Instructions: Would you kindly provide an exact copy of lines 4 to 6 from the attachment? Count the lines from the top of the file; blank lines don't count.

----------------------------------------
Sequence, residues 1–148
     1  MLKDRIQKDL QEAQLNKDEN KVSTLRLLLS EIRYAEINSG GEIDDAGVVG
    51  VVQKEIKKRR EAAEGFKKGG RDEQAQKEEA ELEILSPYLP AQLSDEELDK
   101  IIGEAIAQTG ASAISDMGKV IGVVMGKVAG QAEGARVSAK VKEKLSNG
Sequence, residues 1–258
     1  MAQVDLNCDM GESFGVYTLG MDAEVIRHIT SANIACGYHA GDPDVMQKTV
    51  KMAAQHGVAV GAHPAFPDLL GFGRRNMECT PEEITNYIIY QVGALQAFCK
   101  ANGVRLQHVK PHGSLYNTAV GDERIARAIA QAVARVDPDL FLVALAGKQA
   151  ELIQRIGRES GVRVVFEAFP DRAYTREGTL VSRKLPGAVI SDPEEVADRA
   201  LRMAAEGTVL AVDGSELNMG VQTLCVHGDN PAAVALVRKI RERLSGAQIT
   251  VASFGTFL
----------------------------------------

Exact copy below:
   101  IIGEAIAQTG ASAISDMGKV IGVVMGKVAG QAEGARVSAK VKEKLSNG
Sequence, residues 1–258
     1  MAQVDLNCDM GESFGVYTLG MDAEVIRHIT SANIACGYHA GDPDVMQKTV